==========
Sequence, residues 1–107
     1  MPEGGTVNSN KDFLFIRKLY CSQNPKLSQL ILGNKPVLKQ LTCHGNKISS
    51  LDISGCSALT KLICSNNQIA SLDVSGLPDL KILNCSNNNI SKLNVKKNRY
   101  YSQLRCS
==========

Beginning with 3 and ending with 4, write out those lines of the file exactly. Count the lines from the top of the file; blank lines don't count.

    51  LDISGCSALT KLICSNNQIA SLDVSGLPDL KILNCSNNNI SKLNVKKNRY
   101  YSQLRCS